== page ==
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What is ERP

Enterprise resource planning (ERP) software offers a set of tools that share a common process and data model, covering end-to-end operational processes, such as accounting, analytics, inventory management, customer relationship management (CRM), and human resources (HR) management.

Put simply, ERP software unites otherwise segregated processes into a central data network, helping businesses better track information while gathering insights from across the departmental spectrum.

  • Benefits of ERP software

  • Competitive advantages of using ERP software

  • Business sizes using ERP software

  • Features guide

  • FAQs

  • Tips and tools

  • Market trends to understand

  • Software related to the ERP market

Benefits of ERP software

It might be a mouthful to say, but an ERP software system has plenty of benefits for businesses to chew on. Let's discuss a few of these.

  • Streamlined business operations: An ERP solution stores and tracks data across an organization, from warehouse management to benefits administration. Many ERP packages provide these functions as built-in software modules, but some also offer users the option to integrate stand-alone third-party tools, thus consolidating disparate applications into a single, unified ERP system.

  • Workflow automation: By leveraging advancements in artificial intelligence (AI) technology (e.g., machine learning, natural language processing), an ERP solution can automate routine business processes and free up human capital to focus on tasks that require human intervention.

  • Advanced analytics: ERP software offers greater analytical depth than other stand-alone systems, pulling a wealth of data from across your business into detailed and easy-to-decipher analytics dashboards that provide both big-picture insights and granularity.

  • Enhanced accessibility: With an increasing number of cloud-based options and internet of things (IoT)-enabled functionality such as smartphone access, ERP applications offer businesses unprecedented visibility into day-to-day operations. And all that information is accessible in real time, giving users the ability to retrieve and modify data on the fly.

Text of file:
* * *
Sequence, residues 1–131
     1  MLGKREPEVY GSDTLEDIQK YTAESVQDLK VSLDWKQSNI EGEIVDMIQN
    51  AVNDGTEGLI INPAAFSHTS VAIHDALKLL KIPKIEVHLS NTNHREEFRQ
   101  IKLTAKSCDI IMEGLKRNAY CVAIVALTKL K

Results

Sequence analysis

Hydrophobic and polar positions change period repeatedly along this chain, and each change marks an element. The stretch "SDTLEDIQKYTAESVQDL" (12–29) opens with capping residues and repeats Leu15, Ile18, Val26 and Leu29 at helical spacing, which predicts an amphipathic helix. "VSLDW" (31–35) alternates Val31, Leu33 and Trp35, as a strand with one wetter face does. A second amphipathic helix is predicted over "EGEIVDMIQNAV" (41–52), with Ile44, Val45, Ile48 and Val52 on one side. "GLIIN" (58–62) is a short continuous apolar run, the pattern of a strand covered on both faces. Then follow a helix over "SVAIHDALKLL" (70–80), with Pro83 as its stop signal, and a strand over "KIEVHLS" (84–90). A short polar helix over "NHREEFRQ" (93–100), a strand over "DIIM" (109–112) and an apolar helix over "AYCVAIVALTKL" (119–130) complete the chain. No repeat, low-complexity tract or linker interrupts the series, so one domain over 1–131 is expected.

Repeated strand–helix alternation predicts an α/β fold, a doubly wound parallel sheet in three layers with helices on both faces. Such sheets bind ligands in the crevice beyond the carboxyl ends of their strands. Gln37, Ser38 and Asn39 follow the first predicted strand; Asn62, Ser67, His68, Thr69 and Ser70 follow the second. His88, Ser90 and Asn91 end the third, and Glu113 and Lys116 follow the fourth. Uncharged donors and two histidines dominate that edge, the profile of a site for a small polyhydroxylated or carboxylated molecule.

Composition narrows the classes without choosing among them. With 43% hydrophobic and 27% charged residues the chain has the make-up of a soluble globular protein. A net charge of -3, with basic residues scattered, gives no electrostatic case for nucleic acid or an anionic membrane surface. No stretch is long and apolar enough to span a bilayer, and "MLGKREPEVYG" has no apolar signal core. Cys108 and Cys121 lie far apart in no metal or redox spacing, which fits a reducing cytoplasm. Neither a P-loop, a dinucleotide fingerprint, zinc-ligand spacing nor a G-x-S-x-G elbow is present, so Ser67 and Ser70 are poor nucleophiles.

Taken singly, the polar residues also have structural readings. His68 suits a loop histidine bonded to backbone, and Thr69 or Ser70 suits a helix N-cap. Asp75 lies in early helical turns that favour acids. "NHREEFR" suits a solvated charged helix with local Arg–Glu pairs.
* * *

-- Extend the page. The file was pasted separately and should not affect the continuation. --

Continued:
Competitive advantages of using ERP software

In a rapidly evolving technology landscape, businesses that utilize an ERP software solution to streamline operations will reap benefits such as:

  • Increased operational efficiency: Through process automation and lean workflow management, an ERP platform can significantly boost operational efficiency and productivity.

  • Better data management: Data mismanagement and disorganization can stagnate a business, preventing it from reaching its full potential. But with ERP software, individuals across a business can find the information they need in a single system, rather than juggling multiple tools and risking duplicate or inaccurate data.

  • Informed business decisions: With advanced analytics comes deeper insights, giving decision-makers greater breadth of detail and a better understanding of business initiatives. The reporting capabilities of ERP software empower leaders to make more informed decisions and better position their business for success.

Business sizes using ERP software

Because of the costs and resources necessary to implement on-premise systems, ERP software has been traditionally associated with large enterprise businesses. But with the increasing availability of cloud computing solutions and Software-as-a-Service (SaaS) ERP subscription models, the typical buyer profile has expanded to include the following:

  • Small-business buyers: These are companies with two to 100 employees that make less than $50 million per year and have no IT department.

  • Midsize-business buyers: These companies also have two to 100 employees and make less than $50 million a year, but they have an IT department.

  • Enterprise-business buyers: These are large companies that have more than 100 employees, make over $50 million a year and have a dedicated IT department.

 

Features guide

  • Common features of ERP software

To adequately compare ERP software solutions, it's important to understand the functionality each vendor has to offer. Here are the most common features found in ERP software systems:

  • Accounting

Manages financial transactions with general ledger, accounts receivable, accounts payable, and payroll functionality.​

  • Business intelligence

Uses analytics to analyze and report business data and help companies make smarter business decisions.

  • CRM